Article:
It's time to get back to some normalcy; the Boston Celtics kick off their five-game summer slate Sunday morning at 11 a.m. Entering a transition season, this set of Summer League games will be extremely important for the players participating this coming week. Even though assistant Jay Larranga will be coaching the summer team, new head coach Brad Stevens will be in Orlando for every game, keeping a watchful eye on all the young players participating this week.
Fab Melo: Any Improvements?
• On-Ball Defense
• Hook Shot
This is obvious; everyone will have their eye on Fab Melo to see if he made any strides in his game. I was able to watch only three or four full Maine Red Claws games but I do think he's made a few improvements that are worth noting.
On the offensive end, he looked like he was a lot better at setting screens than he was at Syracuse. With his huge body, I believe he has finally gotten a handle on how to properly set a screen without fouling. However, I still don't think he finishes nearly as well as he should at the rim if it's a pick-and-roll play. After receiving a pass he still fumbles the ball around far too much. This makes him a liability in turning the ball over or just missing what should have been an easy look. I'll be keeping an eye on his footwork as well as his ability to finish strong at the rim.
Be on the lookout for a little 5-to-8 foot hook shot he has incorporated into his skillset; he used it quite a bit towards the end of the season with Maine. Here is one clip of it and here is an even better one. I would hope that he has found more consistency with this shot, though I am pretty impressed with what I see so far. He shows good form and touch on the shot but must improve his consistency.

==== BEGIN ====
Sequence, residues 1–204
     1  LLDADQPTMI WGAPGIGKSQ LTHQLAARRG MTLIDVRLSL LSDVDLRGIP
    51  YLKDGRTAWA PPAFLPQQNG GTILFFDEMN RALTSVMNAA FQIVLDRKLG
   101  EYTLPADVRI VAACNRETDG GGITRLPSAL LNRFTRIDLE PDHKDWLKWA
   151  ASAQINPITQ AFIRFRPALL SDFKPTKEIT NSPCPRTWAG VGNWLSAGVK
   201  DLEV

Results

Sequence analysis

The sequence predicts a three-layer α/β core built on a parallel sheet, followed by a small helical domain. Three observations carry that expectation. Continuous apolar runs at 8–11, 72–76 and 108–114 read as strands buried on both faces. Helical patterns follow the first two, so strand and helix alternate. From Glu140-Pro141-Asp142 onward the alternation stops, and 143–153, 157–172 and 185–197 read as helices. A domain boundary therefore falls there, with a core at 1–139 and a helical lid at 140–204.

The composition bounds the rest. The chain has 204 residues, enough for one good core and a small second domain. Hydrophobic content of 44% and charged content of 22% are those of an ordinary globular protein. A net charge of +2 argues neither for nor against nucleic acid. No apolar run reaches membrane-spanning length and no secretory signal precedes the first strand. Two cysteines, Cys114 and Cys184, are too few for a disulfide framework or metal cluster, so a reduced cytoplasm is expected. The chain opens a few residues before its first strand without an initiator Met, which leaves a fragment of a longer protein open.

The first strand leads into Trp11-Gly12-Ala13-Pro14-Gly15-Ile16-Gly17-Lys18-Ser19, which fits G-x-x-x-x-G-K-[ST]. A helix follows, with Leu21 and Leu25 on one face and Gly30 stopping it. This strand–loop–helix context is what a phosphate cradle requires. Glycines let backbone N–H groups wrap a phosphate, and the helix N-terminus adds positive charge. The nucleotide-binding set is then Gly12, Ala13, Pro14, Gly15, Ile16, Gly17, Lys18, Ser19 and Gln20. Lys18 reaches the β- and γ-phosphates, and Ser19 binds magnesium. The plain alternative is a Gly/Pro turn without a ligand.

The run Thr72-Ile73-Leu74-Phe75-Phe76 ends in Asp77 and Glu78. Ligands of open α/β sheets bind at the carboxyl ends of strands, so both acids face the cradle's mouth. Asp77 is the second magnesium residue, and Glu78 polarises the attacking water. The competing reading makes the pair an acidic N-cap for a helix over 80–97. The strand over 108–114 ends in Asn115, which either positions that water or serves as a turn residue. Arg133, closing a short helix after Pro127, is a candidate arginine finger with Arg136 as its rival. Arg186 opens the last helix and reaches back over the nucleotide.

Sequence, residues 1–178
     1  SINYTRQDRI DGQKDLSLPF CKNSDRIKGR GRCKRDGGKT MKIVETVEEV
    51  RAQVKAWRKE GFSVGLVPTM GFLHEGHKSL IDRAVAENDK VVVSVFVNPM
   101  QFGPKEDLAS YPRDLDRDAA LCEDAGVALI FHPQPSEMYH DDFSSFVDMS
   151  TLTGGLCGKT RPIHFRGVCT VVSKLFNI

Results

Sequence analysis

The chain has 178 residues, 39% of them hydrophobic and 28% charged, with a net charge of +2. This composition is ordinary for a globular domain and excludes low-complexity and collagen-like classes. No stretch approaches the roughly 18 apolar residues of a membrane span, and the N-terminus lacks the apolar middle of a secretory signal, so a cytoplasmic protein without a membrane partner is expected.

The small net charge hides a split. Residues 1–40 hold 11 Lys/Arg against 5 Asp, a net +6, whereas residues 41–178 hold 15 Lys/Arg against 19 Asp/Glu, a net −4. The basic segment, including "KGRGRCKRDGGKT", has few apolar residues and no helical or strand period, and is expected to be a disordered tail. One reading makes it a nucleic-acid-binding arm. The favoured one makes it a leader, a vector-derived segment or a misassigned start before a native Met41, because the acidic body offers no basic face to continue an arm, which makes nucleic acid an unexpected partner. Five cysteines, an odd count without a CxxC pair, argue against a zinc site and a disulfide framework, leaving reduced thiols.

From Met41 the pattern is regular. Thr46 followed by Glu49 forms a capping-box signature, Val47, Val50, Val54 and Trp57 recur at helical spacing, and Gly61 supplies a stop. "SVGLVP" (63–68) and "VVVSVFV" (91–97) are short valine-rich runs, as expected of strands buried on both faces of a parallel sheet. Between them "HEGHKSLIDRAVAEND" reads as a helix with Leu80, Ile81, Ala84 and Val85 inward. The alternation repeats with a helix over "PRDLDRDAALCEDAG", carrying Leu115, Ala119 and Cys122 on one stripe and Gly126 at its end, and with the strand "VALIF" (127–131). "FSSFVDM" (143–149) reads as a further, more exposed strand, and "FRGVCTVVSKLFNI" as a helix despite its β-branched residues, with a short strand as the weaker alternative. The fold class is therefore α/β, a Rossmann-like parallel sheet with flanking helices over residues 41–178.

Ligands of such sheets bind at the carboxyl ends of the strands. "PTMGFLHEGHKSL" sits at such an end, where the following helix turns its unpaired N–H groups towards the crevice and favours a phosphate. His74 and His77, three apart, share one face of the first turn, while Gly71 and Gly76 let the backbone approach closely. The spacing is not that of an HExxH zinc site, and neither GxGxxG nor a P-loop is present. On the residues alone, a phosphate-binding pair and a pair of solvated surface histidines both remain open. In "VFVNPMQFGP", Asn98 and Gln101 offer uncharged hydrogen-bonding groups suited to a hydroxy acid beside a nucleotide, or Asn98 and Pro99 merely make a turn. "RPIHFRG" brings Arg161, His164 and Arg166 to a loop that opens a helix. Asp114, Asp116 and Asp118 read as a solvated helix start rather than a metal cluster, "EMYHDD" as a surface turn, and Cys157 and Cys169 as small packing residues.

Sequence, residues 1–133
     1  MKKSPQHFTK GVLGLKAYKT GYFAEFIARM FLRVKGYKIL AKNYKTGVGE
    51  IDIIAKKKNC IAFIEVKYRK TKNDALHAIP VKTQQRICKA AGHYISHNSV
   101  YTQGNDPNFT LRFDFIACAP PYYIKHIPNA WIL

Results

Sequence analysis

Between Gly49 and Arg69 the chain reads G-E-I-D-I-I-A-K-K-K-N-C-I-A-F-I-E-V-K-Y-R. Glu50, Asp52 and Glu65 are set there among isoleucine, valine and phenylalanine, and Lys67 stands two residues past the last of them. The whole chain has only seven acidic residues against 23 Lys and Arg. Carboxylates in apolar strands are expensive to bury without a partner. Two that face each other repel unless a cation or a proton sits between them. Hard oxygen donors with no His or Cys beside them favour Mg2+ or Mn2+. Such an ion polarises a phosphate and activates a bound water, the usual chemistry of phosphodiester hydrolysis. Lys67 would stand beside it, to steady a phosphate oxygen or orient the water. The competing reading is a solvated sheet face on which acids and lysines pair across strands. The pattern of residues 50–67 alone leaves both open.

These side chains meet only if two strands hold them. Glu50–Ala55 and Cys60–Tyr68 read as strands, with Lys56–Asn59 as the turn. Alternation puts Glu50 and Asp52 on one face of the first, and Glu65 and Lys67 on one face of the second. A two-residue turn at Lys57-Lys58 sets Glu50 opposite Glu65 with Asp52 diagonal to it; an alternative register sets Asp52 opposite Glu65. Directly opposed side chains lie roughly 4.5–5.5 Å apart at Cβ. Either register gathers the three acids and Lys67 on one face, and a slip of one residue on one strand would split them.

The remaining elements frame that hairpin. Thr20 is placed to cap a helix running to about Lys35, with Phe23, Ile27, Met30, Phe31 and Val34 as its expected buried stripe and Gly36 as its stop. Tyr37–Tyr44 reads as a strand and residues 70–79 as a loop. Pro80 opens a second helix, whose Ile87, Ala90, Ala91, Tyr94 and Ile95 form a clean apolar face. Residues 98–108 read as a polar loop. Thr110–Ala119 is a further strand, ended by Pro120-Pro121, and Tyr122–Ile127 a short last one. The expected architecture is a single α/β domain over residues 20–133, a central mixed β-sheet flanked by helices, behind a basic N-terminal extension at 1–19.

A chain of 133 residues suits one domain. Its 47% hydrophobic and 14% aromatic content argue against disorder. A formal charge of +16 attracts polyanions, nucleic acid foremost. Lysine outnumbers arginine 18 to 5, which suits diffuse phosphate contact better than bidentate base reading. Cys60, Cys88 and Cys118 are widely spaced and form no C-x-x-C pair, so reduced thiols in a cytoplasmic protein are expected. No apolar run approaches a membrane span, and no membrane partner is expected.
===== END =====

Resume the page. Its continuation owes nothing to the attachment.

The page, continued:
The star defensive potential is there, that's why Melo was a first round draft pick last year. Fab was the Big East Defensive Player of the Year in 2012, and was on the first team of both the NBA D-League All-Defensive and All-Rookie teams. He averaged 3.1 blocks per game with Maine, and set the D-League record with 14 blocks in a single game. I think he made strides as a weak-side help defender; check out this clip here to see an example. In the Summer League, I want to see if he has improved his ability to defend on the post and on the perimeter. A lot of that is based more on technique than anything else, so he must improve there in order to contribute this year in the NBA.
Kelly Olynyk: Transition to PF
• Three-Point Range?
• Perimeter Defense
Kelly Olynyk played center with the Gonzaga Bulldogs but will look to make the transition to power forward with the Boston Celtics. Danny Ainge said that he didn't even think of Olynyk as a center when drafting him -- I agree -- I believe that Olynyk's positive attributes fit him much more at the four.